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North Carolina Newspapers

The Chatham record. (Pittsboro, N.C.) 1878-current, January 08, 1880, Image 1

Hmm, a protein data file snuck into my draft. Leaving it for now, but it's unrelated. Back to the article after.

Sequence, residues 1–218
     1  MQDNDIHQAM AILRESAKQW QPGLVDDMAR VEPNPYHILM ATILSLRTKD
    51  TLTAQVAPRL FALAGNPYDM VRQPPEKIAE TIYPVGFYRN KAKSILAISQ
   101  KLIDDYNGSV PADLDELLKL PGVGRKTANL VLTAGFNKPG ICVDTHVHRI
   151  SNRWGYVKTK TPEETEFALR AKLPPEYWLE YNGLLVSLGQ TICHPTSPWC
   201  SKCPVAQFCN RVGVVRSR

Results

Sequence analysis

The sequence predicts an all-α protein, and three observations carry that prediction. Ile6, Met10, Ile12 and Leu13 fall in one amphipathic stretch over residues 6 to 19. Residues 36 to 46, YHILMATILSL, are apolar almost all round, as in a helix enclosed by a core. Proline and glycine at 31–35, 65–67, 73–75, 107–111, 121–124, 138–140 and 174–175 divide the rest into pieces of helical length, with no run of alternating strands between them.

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(31 dhallam jfoid. BATES op ADVERTISING. H. A. LONDON, Jr., r.iHToit and rimi'iuCTou. One ttiiuart', tmv Inserting, Oiia lti:iri", lu liuiurttnUK, Ouo Mpinn', "ttr metisli, - TERMS OF SUBSCRIPTION: nofry, mio - Oneropy ,slt mnnllin ...... One copy, tlireo iitonllio, - t.m 1.M r.v VOL. II. PHTSIK)UO CHATHAM CO., N. C, JANUARY 8, 1880. NO. 17. Chatham ji ccorrj. To the Bereaved I Headstones, Monument a AND TOMBS, IN THE BEST OF MARBLE. Good Workmanship, and Cheapest and Largest Variety in the Btate. Sards corner Morgan and Blount streets, below Wynn'a livery stablea. address all communications to AYTON & WOLFE, Rileigh, N. O. Steamboat Notice! Tte boat, of the ExpreFs Steamboat Compa ny will run aa follows from tho first of October niit'J farther notice: Steamer 1). MUlCHIdON, O.ipt. Alonjia Gar. riaon, will leave Fettevil:o every Tussday and Friday at 8 o'c!jck A. M.. and Wilming ton evory Wednesday and Stn.?av at 'i o'clock r. m. bt,:amer WAVE, Cap!. V. A. T! obrson, will fiv Pavotttvillo on M judaja and ThurHdayi a: 8 o'virp1: A. M., and Wilmington ou Tues days and Ki .days n 1 o'clock T.M., connecting with tho Western il iirnad at Ftyettovllle on W r dnotiiays and S.ttm- 'a; a. .7. D. mi. 1. 1 AJIHA- (O, Agents at Fayetteville, N. 0. 65 BUGGIES, Rockaways and Spring Wagons At Prices to Suit (ho Times, Made of tho beet material, and warranted to give entire (attraction. cossri.r on: oir.v ixterert, Jty giving ua a call before buying, Also, a full lot of Hand Made Harness, A. A. M.iKETIIAN .SONS, ertlnoftsm t'nvelterillei .V. C. JOHN M. MORINC. Attorney at Law, .OliirliigaWltc, liiaihnm o., N. ('. ti ns m M-niMi. AimKn a M-nmn, Of Chatham. Of Orange MORINC & MORINC, A. ttor noys n t Zj n, w IM 1(11 AH, N. . All business intrusted to them will receive prompt attention. THOMAS M. CROSS, Attorney at Law, PITT!1100, N. c. Will praotico in Chatham and aorronn counties. Collection of claims a specialty, ding Certain and Reliable! HOWARDS ISFAI.I.IISLi: WOULD HE SOWNED 11EMKDI FOK WOHMS Is now for sale by W. L. London, in Pittsboro'. All those who are annoyed with those Posts re advised to call and get a package-of this valuable remedy This compound is no hum bag, but a grand stircm. Oon agent wantod in every town in the SUtc. For particulars, addiess. en 'losing ;1 emit stamp. Dr. J. M. HOWARD, Mt, 0;ivf, Wayne conntv, X.C. " FLA LO W6 oW, Sr " Attorney at Law, A" r.ii NORTH CAROLINA STATE LIFE INSURANCE CO,, OF RALEIGH, X. CAR. T. n. CAMERON. Vr.$i lent. . K. ANDKKSON, IV V. W. II. IIN'KS, .Vff'y. Tha only Homo Lifo Insuranca Cc. in the State. All Its fund loaned out AT IIO.MK, and among our owu people. We do not send Morth Carolina nionev abroad to build u ; ot h.v States. It one. of tho most sueces'-lul coin panies of it ao in the United States, Its a? arts are amply sullleient. .Ml losses nld proaiptly. Eiirht thousand dollars paid in Itu I il two years to families in Chatham. It will cost a man ai:cd thirty years o My live cents a day to Insure for one thousand dollars. Apply for further information to H.A. LONDON, Jr., Gen. Agt. riTTSBOKO', n. c. J. J. JACKBON, ATTOR NEY-AT-LAW, riTTsitono', x. a t-9All buslnesa entrusted to blm will re serve prompt attention. W. E aWDERSO.S, r. a. wiLsr. CITIZENS NATIONAL BANK, OF KALF.IUII, X. V. J. D. WILLIAMS & CO., Qrooers, Commission Merchants and IProduco Bayers, FAYITTEVILLE, N. O. The Lored nud Lost. The loved and lost !' why do wo call them lost? Becsuso we miss them fioni our onward road? tlwd's unsccu argcl o'er our pathway crott, Lot Ued on ua nil, aLd lovit g tl.cni the most, Strnightway ic'iovtd them from life's ntary load. Tlicy atavtiot lost, they sre within the doer That sbnluont loss and every hurtful thing With augela hi igl.t, and loved ones gene before, tu their Redeemer's prestneo evcimore, And God himself, their I.'itd, nud Judgo and Kug: And tli i h we call a 'loss,' Oh, mlfleli sorrow Or fit I firth hearts! Oh, we of little faith! Let us look round, an argnmcnt to boirow Why we in patiouoe shou'd await the morrow That turcly oui4 succeed thin night of death. Aye, look upon this dronry deetrt pulh, Tho thorns and thistle, whereeo'er wo turn: What trials and nhat tears, hat wrongs and wrath What tlrngglcs and what strife the journey hath' They have escaped frem Iheso, at d lo! wo mourn. Ark tho poor sailor, wheutho wreck is done, Who with his troaMirea strove the shore to reach, While with the raging w ivo he battled on, Was it not joy, where overy sorry seemed gone To see hia loved ono landed on the beach? A poor tiayfsrer, loading by the hand A little child, bad halted by the well To wash from off her foot the clinging sand, And tell the tired boy of that bright land Where, thU long J)tune pwt.ttioy longed t ) dwell; When lo! tho Lcrd, who many mansions had, Drew nesr and looked upon t ie suffering twain, Then pitying spake, 'Oivc Mo the little lad. In strength renewed, and glnrionsbtaoty olad; I'.l bring him with Mo when I como again.' Did she make answer FelfiKbly and wrong 'Nay, b it tho woes I feel hotoomnst share!' Or rather, bursting into grateful long, She wont Iter way rejoicing and made strong lo strugglo on since he was froed from care. We will do likowito; death has made no breach In love and sjmpatby, in hopo and tinst. No outnard sigu or sound our oars can reach, But there's an inward, spiritual speech That greota ns still, though mortal tougnes bo dost. It bids us do the woik (hat they laid down- Take up tho song whero they broke off the strain: Ho journeying till wo reach the heavenly town, Where aro laid tip onr treasures and onr crown, And our lost loved ones will bo fotiud again. JOE CONQUERS. A HnliilnT kleh. Well, g'r'fl tbefo is one way we con help both father nuil curcelveH them1 hnrvl times,' said Lohrio Fuotp, while her cliler mters looked nj from their crcnpBticDR with hind, interei-ted faceR. 'We can give, up our birthdays or Chriitmtis,' began liestiio, tlowly. 'That is n good iilen,' broke in Emily, the older sister. 'These liu- mcrons gift-days and pleaeure-mnkinga draw too heavily npou our packets. ' 'But what will Joe ny?' This time they nearly nllspoko in concert. After a little pause, Bessie said, with hopeful decision: 'Oh, perhaps lie won't core. Now Joo was the last, bnt by no means the leant member in Mr. Foote'u family. He bad arrived late, aftc) this goodly row of girls, and after his parents had given np an earlier and often-expressed desire that a boy might bo among the nnmber. And if helpful hands and warm hearts make the recep tion, Joo came To tho world as a gentleman cornea To lodging ready fttrnirhed.' Ho was now twelve years old, but had not 'worn out his welcome.' Of a pliant, pleasiuit nature, he fully answer ed, so fur, all tho demands made npou him. No ono had ever heard him speak a rough or unkind word, and in all the little affairs of every day, he was easily helpful enough to satisfy his loving family. It is true Mr, Foote, who had struggled through a hard and self-de nying youth to an honorable position in the world, begau to have some nn efieiness about bis son's character, and to suffer the first disturbing, perplexing doubt as to the future of a boy to whom life wat such a holiday affair, and who would never be ablo, he feared, to take any other view of it. But these fntberly doubts and fears Mr. Footo carefully kept to himself. His family was very loving and coutld ing, and Mr. Foote was not without courage; but I doubt if he would have been willing to contemplate, even in the retirement of his owu thoughts, the shock that would have cime to all if this beloved son had been closely crit icised. So Joe spent his thoughtless pleasant days undisturbed by criticism, and when Rjssie broached the question of the morning for her brother's deci sion Christmas being nearly a year away and birthdays close at hand he chose in his easy way to keep tho near pleasure, and so it came about that there was to be no Christmas celebration that year in Mr. Foote's house. Bessie's plan wotked admirably. The birthdays, scattered through the year, had been made much of, and Joe's, coming lrte in September, had really been a great sffnir. Joe himself bad enjoyed it wonderfully even beyond his usual happy woy. It was very gratifying to have to many new things in advance of all his playmates; even the latest fashioned sled had been pro cured by extra trouble and expense, and tho balls, and the books, and the knives, and the marbles, were of tho best, for Joe is to have no presents at Christmas,' was tho otlen-i xpressed reason for extra indulgence on this particular birthday. It was all veiy delightful, and it made Joe quite tho hero of the autumn, creating any amount of envy in the minds of other boys who must wait till Christmas. But Christmas was diawirg on find Joe soon found himself face to face with tin ant:cipation which was not pleasnr uble; an entirely new position in his experieneo. Iu fact, t-e uumerous preps rations iu tho world outsido began to produco a slightly depressing sensa tion in tho members of Mr. Foote's family; even Bessie, usuully firm in her do-isions, could not help wishing they had chosen Christmas and given up the birthdays. But it was too lute now, so they all carefully avoided any allusion to tho coming festival, each hoping by silence to create the impres sion in the others thut tho whole plan was eminently satisfactory. Mr. Foote, quietly reading in his easy chair, was really the only ono quite at ease; all the minds of the fumily being more or less milled, on Christmas eve, by some thoughts as to whut might bo going ou iu Joe's miud; for contrary to his custom, he had betaken himself to bed at an unusually early hour. Mrs. Foote and her olderdaughters were busy with their sewing near the table where Mr. Foote was enjoying the cheerful fire and his evening paper, when Bessie suddenly broke into the room with the exclamr.tiou: 'Joa has hung up his stocking!' Mr. Footo laid the paper on his kuecs and the busy needles made slight pauses, but no ouo spoke. 'lie has hung up both! IIo never hung up but one before!' added Bossio, dropping hclpkasly into iue nearest cbuir. 'IL-at was naughty in Joe,' said Mis. Footo in a tono in which despair and apology oddly mingled. Home time elapsed, during which no one ventured to romark, and Mr. Foote still looked into tho firo. Strangely- vivid remombnincos came to him of a conutry boy.long forgotteu OhriBtmases, an empty stocking and a disappointed heart. He slowly took down his ejo glassea trom their percli and put them in his pocket, ho folded up hii paper softly, and carefully laid it on tho table, and with tho air of a mau who would rather tho fact should not lie observed, rose quietly from his chair and in a very indifferent voice, saiJ: 'Bessie will ycu hand me my coat?' Why, you are not going out?' ex claimed Mrs. Foote, excitedly. 'Yes; I think I will take a short walk,' replied Mr. Foote, still indifferently, though knowing perfectly well that a walk was a most unusual performance for him in tho evening after a busy day. I believe I will go with yon,' r.aid his wife, cheerily, and going at once for her hat and shawl, 'Let ns go too,' said all tho girls, and with that liveliness which indicates relief from a dilemma. All were soon ready, and, Mr. and Mrs. Foote leading the way, they were soon on the pavement of a well-lighted street, and moving with the crowd or pausing at the shop-windows to see tho unusual and fiual attractions of tho season. If people would dream facts instead of dreaming dreams, Joo Foote might have smiled to himself as he lay asleep in his little bedroom in solo possession of the house, while tho whole family had gone off, moved by on impulse, on an errand which not one of them could have told to another. Joo awake and on his feet might have been resisted, but Joe asleep, with those two expect ant stockings yawuing iu the basement, was an impersonation of that faith which moves mountains. It all came about very naturally and easily; Mr. Foote first expressed some regret that the knife ho had given Joo on his birthday had not been of a better quality and, now that tho boy had lost it, it seemed only fair to get him another. This ac complished at tho first cutlery store, his mother followed in tho purchase of a new boy's book, which she very much regretted she had not heard of iu time to got for his birthday, His sisters, too, remembered various little things that Joe liked or had their memories quickened by tho sight of new devices for good boys, as they walked along, and so they were each well laden with Christmas things when they finally reached their own door. I can not doubt that Joe rmiled there in his sleep; and if the fruitful stockings ran over with their numerous gifts, the family wisely concluded not to make any remarks that might bring into light the inconsistency of the givers' pur poses and actions. The next morning all but Joe anoke with a slight feeling of uncertainty whether it was Sunday or some other day. Joe knew before he was awsko that it wasn't Sunday, still he did feel a little doubtful if it was Christmas. But stowed away in a Beldom-nsed nook of his closet were soma very good reminders of Christmas), until he should descend to ths basement. Joe's father would have been pleased enough if he could have looked into his boy's closet just then aa Joe was taking oat of their hidiug-plsce six small pick'igcs, all neatly wrapped and tied with long loops, so thut they could be hung on door knobs. These presents ho had pur chased with some money given him to spend for himself. With the littlo bundles arrnuged on his arm for distribution, ho stole scfily in his blocking, feet through the, hull, hangiug each article on its rtspectiv knob, without disturbing the i eciipni,tn of the rooms, who wtro still rozily abed. This done he went down to tho base ment in easy hopofutnss. And he was not doomed to disappointment, the con touts of tho crowded stockings yielding more than a ususl amounts of joy and admira'ion. Aud when tho fsmily came down to breakfast, how delightful it nil was. Every ono was so pleased with the pretty present Joe had purchased for them, that it was a long timo before the happy family could subside to the formally of the morning meal. Joe himself became conscious of a higher pleasure than Christmas had heretofore brought, when his fat he: expressed his hearty satisfac tion in the gift his son had unassisted given him; and, turning to his youngest daughter, ho said : '11 't sie, let us have Christmas next year,' which caused a general smile all around, , &'. Sicholas. Wrongly Named Substances. Black lead does not contain a single particle of black lead, being composed of carbon of iron, Brazilian grass does not come from Brazil, or even grow there; nor is it grass at all. It consists of strips of palnleaf (chammrop arycutra) and is imported chiefly from Cuba. Burgundy pitch is not pitch, nor is it manufactured or importod from Bur gundy, The best is a resinous sub. stance prepared from commou frankin cense aud brought from Hamburg; but by far the greater quantity is a mixture of resin and palm oil. China, ns a name for porcelain, gives rise to the contradictory expressions, British china, Dutch china, Chelsea china, etc., liko wooden millstones, iron millstones, brass shoe-horns, iron penf, steel pens. Cuttle bone is not bono at all, but a structure of pure chalk, once embodied loosely in all the substance of certain extinct species of cuttlefish. It is in closed iu a membraneous sac, within the body of the fish, and drops out wheu the sac is opened, but it hus no connection whatever with tho sac of the cuttlefish. O.ilvauized iron is not galvanized. It is simply iron coated with zinc; and this is done by dipping it iu a zino bath containing a muriatic acid. (iermau silver is not silver at all, nor was tho metallic alloy called by that name invented by a German, but bus been in use in China time out of mind. Honey soap contains no honey, nor is honey any way employed in its man ufacture. It is a mature of palm-oil soap, each one part, with three parts of crude soap or yellow soap, counted. Japan lacquer contains no lac at all, but it is made from a kind of nut tree called cardiac 3. Kid gloves are not made from kidtkin, but of lamb or sheepskins. At present many of them are made of ratskins. Meerschaum is not petrified'sea foam,' as its name implies, but is a composi tion of silica, magnesia and water. Mosaic gold has no connection with Moses or the metallic gold. It is en alloy of copper and ziDC, used in the ancient mnsivum or tesselated work. Mother of pearl is the inner layer of several sorts of shells. It is not the mother of pearl, as its name indicates, but in some cases the matrix c f pearl. Pea means a feather (Latin penna a wing). A steel pen is not a very choice expression. Salad oil is not oil for calad, but oil for cleaning sallades, t. r , helmets. Whalebone is not bono at all, nor does it possess any of the properties of bone. It is a sub.dauco attached to the upper jaw of tho whale aud serves to strain the water which tho creature takes up in large mouthfuls. Singular f renk of an Engine. An accident occurred ou a local rail road in Illinois, that in probably without a parallel iu the history of railroading. As a train on the evening of that day was near (Hansford, going at tho speed of nearly forty miles an hour, a cow suddenly bounded iu front of the en gine. There was no warning whatever, the front of the engine passed over the animal, aud in doing so was lifted clear cf the rails and uncoupled from the tender, Ooing at such a high rate of speed, it continued some twenty yards on the ground, tearing it up and even uprooting a stump in its mad career, and, what is very atrange, kept ou its wheels until it came to a stand still, whero it stood clear of tho main track, The remainder of the engine and train kept on the track, 'aud passed tbeeugin about a quartor of a mile, when it was brought to a . top with brakes. The jar ot the cugine was so light that but few passengers were made aware of the accident until told, Tho engineer pat on his seat throughout the affair, a mere spectator of the queer freak of hia en tine, aad no one was hurt or even soared. The Man ii fact ii re of Slate lYncils. Tho process of making Flato pencils is thus described by tho Stationrr: Broken slate from the slate quarries is put in a moitar run by steam, and pounded into small particles. Thence it goes into the hopper of a mill, which runs into a 'bolting machine,' where it is bolted,' the fine, almost impalpable, flour that results bring taken to a mixing tub, where a small quantity of fcU'atite flour, similarly manufactured, is added, together with other materials, tho whole being made into a st ff donph. This dough is kneaded thoroughly by passing it several times between hou rollerp. Thence it is conveyed to a table, where it is mado into 'charges' that i, short cylinders, four or five iuches thick, nud containing some eight or twelve pounds each. Four of these aro placed iu a t-trong ir n chamber or 'retort,' with a changeable nozzlo fo as to regulate the size of the pencil, and subjected to tremendous hydraulic pressure, under which the composition is pushed through tho nozzlo iu a long cord, like a slender snake sliding out of a hole, aud passes over a slopiug table, Flit at right angles with the cords to give passage to a kuife which cuts them into lengths. They aro then laid ou boards to dry, and after a few hours are removed to f hiets f cor rugated zinc, tho corrugatioLS serving to prevent the pencils from warping during the process of baking, to which they are next subjected in a kiln, into which superheated steam is introduced in pipes, the temperature being regulat ed according to the requirements of the artic'o exposed to its influence. From a kiln tho articles go to the finishing and packing room, where tho ends are thrust for a second under rapidly-revolving emery wheels, and withdrawn neatly and smoothly pointed ready for use. Animals. on Hie Stage. James ('joke, the celebrated cijiicr- trinn, stands a fmr chance of having his neck broken n Niblo's Garden, New York, is billed us J!cd Ihmohuc, iu the now Irish Drama of 'Hearts of Steel,' and in the i ct which illustrates the Irish defense of the bridge of.Aihlone, is required to eli ar a chasm eight feet iu width ou tho bark of his trusty steed Crispiu, The horse don't Fecni to tulte kindly to the task, refusing ou several occasions at the lehcarsals to mako the leap, aud when the lights are up and the music and musketry begin, he may possi bly, like Frank Frayue's dog Jack, treat tho aud'eucc to a scene not announced in the programme. Jack was billed to make his 'first appearance on any stage' some years ago in Buffalo. He was trainod to cme ou iu a cort iiu net, and fiustrate a crime by dragging amounted villain by the throat from his middle. At rehearsul Jack acted like a star, never missing to floor his man, whose neck was, (f course, securely padded to pro- vent injury from the brute's teeth; but when the night of tho performance came, the music and audience frightened the dog actor, and coming to tho front, be simply looked at his victim and ran off wagging his tail. Jack was afterward kept chained iu the wings, in order to make him accustomed to the noise oud crowd. As tho nights progressed the dog appeared to have lost nil memory of his cue, the villain appeared without paddiug on his neck, and the last nights of tho drama were annouueed. Jack changed the whole order of things, however. Tho evening before tho farewell performance, tho villain emerged as usual on horseback from the wings, when suddenly Jack broke his chain and dashing for his man horrified the audience by fastening his fangs in the poor fellow's neck and dragging him energetically to tho stage. The cur tain was rung down, reveral actors ran to the rescue, and the villain was only rescued after a severe struggle. The incident, though, uncomfortable as it was to the act ;r, proved vastly profitable to tho inannger; Jack never again forgot his part, and the drama was played to crowded houses for several consecutive nionthH. The World's Commercial Marine. Aecordiug to the AVyifroi'r Ormral, Bureau Veritas, for 187'.) '80, the sail ing tounage of tho eivibzi'd world has decreased from 1 l;il.S,072 to 1 1,1 OH, tit '6 a falling nwny which shows the decid ed tendency which now prevails to give steamerH the preference over sailing vessels. Tno total sailing tonuago of Great Britain, which inclii led colonial tonnage, is J5,f:Hl,l'W, HO thut consider- ablo more tliau ouo third of tho tonuago which sails the sea is under thu I'ritisli flag. When we cora to st'-amships, Great Britain takes a still prouder po sition. The tot d number of stoiimcra which cau bo classed as sea going in 5,987, of which Great Britain has 3,512 ; and tho total net tounage of steamships is 4,021,809, of which Great Britaiu has 2.555.575 tous, or about thtee-fl'ths of the whole. Counting sailing vessels and steamers together, the civilized workl has 18,125,471 tons afloat, of which 8,1.19,708, or not much less than half, are under tho British flag. Canada ine enpics tho fourth position among the nations. The leading cations are (treat Britain, United States, Norway, Canada, Germany, Italy and France. Surety in Railway Traveling. In his receutly-published 'Notes on B iilroad Accidents,' Mr. Charles Fraucis Adams, Jr., shows that the percentage of loss of life nud of personal injuries on railroads is cxeatdingly small, when compared with the amount of travel, and that the risks ot railroad travel are much Icfb than they are popularly supposed to be. Ho cites statistics to prove that it is actually safer for a man or his family to travel by rail than to stay at home, thus corroborating the saying at tributed to John Bright, that the saf st place in which a man or his wife could put himself was iuudea first-class rail road carriage of a train iu full motion. During tLo light years from 1H70 to 1878 tho whole number of lives lost in operating the entire railroad pystem of Massachusetts was 1,165, or an average of 110 a year, while in Boston the re corded deaths from accidental causes dur ing the ten years from 18C8 to 1878 was 2,587, or an annual average of 259. These results show that in the city of Boston nloue the yearly number of deaths caused by accidents was 80 per cent, greater tliau the number reported on all railroads of the state. This com parison is not peculiur to Massachusetts, but may be taken ns approximately iiu cui ate for other places. Indeed, statis tics wi re published years ago in France showing that people were less safe at home than while traveling on the rail roads. Another fact which will serve to reassure tho timid is, that of the whole number of persons accidentally killed or injured ou railroads, but a small proportion are passengers. Mouy of those who lose their lives or are per sonally inj ir d, am employees who are constantly ixooso l to risk by virtue of thi ir employment, find whose familiarity with danger leads tlieui to bo careless, and even foolhardy oftentimes. But, as Mr. Adams shows, the greatest aud most regular cano of death ami irjuiy iu the operation of ruilroudri is the reckless hubit of walking on tin. track, wh'ch is c Jiumon with too many peo ple, aud especially with theso more or less diunk. More than one-third of all the railroad casualties reported iu Massa chusetts ure elussilU d under tho general head of accidents to tiespasstrs, that is, accidents to men, women aud children, eapecially the latter, illegally lying walking, or playing ou the truck, or riding oa tho c us. Vic hMlmlco el life in l.endvllle. There is one happy mini iu licadville to day, say.s a letter writer. The first of tho week he came into town, ragged, dirty and penniless, after a stiuim'jr's prospecting. Ho managed wine way to get liquor, however, aud, not fic'iug iu tho best of humor, in a tit of despera tion he wout on a big drunk. He con sequently got arretted and was fined, as drunk and disorderly, 15 and costs. Having no money to pay the fine, he was sent to tho city jail, aud thence to the chaiu-gaug, to work it out on the streets of Ltadvillo. Ho had Berved part of his time, when he received a call from a party of capitalists from tho Claren don hotel. A cluira iu which he owned an interest had struck it rich, and these gentlemen had called to oiler him the sum of S.'t'J.OOO for hi i share. It is need less to say that the oiler was accepted. Ho signed the papers, alrea ly prepared, then and thoro, aud received the money, paid his Hue, viaiteJ a bathhouse aud clothing store, and slept that night at the Clarendon. The next moruiug, clothed and in his right mind, he or dered a cariiage, visited the scene of his late humiliation, aud paid the lines of his former companions in misery aud sent them on their way rejoicing. He is happy, aud fo are tho capitalists, as they think they struck a splendid bar gain; but this fact does not yet disturb the serenity of the mau who has come up out of the depths, and leaped, as it were, in tho twiukling of an eye, from the chaiu-gaug nud penury to a compe tency for all timo to come. Silk Manufacture in this Country. Mr. William C. Wyncoop has publish ed a brief acoouut of the advances and improvements receutly mdo iu silk manufacture in tho I'uited States. From this sourco we gather tL,at wo im ported, principally from Asia, lat year ud less tliau l,.V.I0,l'aa'. pounds, of raw sills; that there ia no douiaiid in this country for cocoons bicitise there are no pdittures for reeling silk established am nig us, a'ld eoiiM.pit'iitly all the raw silk imported tias to tie silk that is al ready reeled, and this for the purposes j for which it i used must be of the finest quality. Many of i.ur readers will be surprised to lonru that the manufacture of silk thread and twist lias rescued a point with us that defies competition; thut onr plaiu black uud dressed silk goods are superior in texture and in wearing qualities to those ol the same grade imported from Europe, because none but tho best silk thread is usisl, and tho weaving is done iu power looms instead of by baud, which admits of using lumpy aud imperfect silk thread. In American made handkerchiefs, scar is, ueckties and millinery goods wo com pute successfully with tho foreign sup J rly, and iu rihbous our snccers has beeu so great that they are exported, while onr original designs are much admired abroad. ITEMS OF (JEM'KAL INTEREST. The farrier may be slow, but he is sheer. The druggist's song 'A light in the window for thee.' A dollar is always in good quarters, summer or winter. Chinese literature is so old that the Chinaman learns to read backward. There are wide margins between stock speculations and stocks pecula tion. Shopkeepers' accounts sent in during a honeymoon show that billing comes after thecooiDg. An importing druggist makes the startling statement that this country eats ouo-third of the Turkish opium crop. Tenuesseo lias twenty-five tobacco manufactories, oue snuff factory, twenty eight cigar factories, and 150 leaf tobacco dealers, Be?r enongh to make 700,000 drinks was received in Galveston during Octo ber; the bell punches registered only 76,000. There are rumors that Keeley, the mo tor man, has turned Lis attention to a machine for sticking pins through a starched collar. All doctors recommend people to go to sleep lying on the right side. This is all the better if you are a little deaf iu the If it ear aud don't get home till late. A man may be brave enough to walk right up to the cannon's mcutb, and yet not have the courage to hand his wife a letter he has carried iu Lis jacket for a wi el'. l'latiua works are about being erected at Oreville, above Marysville, California, by an agent of Prof. EJison, to extraot that metal from tho auriferous black sands. Ltttdville, Co!., ie but two years old, and yet hasga-i works, water -works, the finest opera house :n the stute, and next year will have a complete system of sewerage. A substantial farmer of Shelby county, Mo,, cut his fall wheat iu the early part of the season, realizing sixteen bushels per acre. He then put in a crop of tol acco, and raised on tho came ground one thousand six hundred pounds, F.ven though au old lady is well awro that her daughter's name is So -phia, yet when a neighbor passinglooks in at the window and says, 'How's So phia?' the chances are ten to one she'll scream aud faint. 'Why did General Washington cross tho Delaware ou tho ice during the sto'tu of an awful night ?' asked a teacher of hi .-ryonug class in hiHtcry. 'I reckon,' piped a small voice iu answer, 'it was because ho wanted to get on the other side.' 'Maria,' observed Mr. Holoomb, as ho was putting ou his clothes, 'ihere ain't no patch ou them breeches yet.' '1 cau't fix it now, no way, I'm too busy.' 'Well, give me the patch then, an' I'll carry it around with me. I don't waut people to tliiuk I can't afford the cloth.' The sponge divers along the Florida coast buve begun to adopt an innovation that may work great change in their business. It is found that this cau be done by cutting the live spcrges into small pieces, attaching them to pieces of rock aud sinking them to proper depths iu suitable licttions. In three years each picco will attain a marketable size. Two ladies belonging to different cir -cles of American society in Paris met lately at a recaption 'Have you been long iu Paris?' asked the first, who con sidered she bolonged to 'the set. 'Sev eral years,' responded tho second, who is sure her sit is tho first. 'Strange,' says the first, 'that 1 have never met you iu society.' 'You flatter mo,' says tho second. Jutnes L. Moody, once an eminent lawyer of St. Lojis and then circuit ju Igc, was taken to the hospital in that city recently as a charity patient. After the war, when General Orant visited St. Louis, Moody was his host, and 't was intimated that when Grant becamo President Moody would be c me an asso ciate justice of tho supreme c mrt. But ho took to drink aud lost everything, being diiven from the bench by impeach ment. IKail-l.etler ((Mice CmiosMieK. The posb'iuVo iiei artmeut has issued a catalogue of nearly 12,000 i-eparale 'lots' accumulated iu tho dead-letter of fice, which ire to be sold at auction. Tho various schedules advertise abemt as heterogeneous a collection as it is possible to imagine. Among the arti cles so carelessly mailed that no eluc cau be discovered to their ownership are gold watches, chaius aud rings and jew elry of almost all kinds, t)very descrip tion of weariug apparel, from men's overalls to babies' socks; books and pic tures by the thousands, musical instru ments, clocks, bedqnilts, buffalo robes, pistols, knives, tiu dishes, nails and hardware of almost all descriptions, in cluding irou castings for maohinery; perfumery, tobacco and cigars; cheese, not excepting the Limbnrger variety, and almost all other sorts of ordinary hop merchandise; bosidos 'miscella neous articles' less susceptible of o'assi fication, which range from artificial teeth and false hair to stuffed birds and geo logical specimens.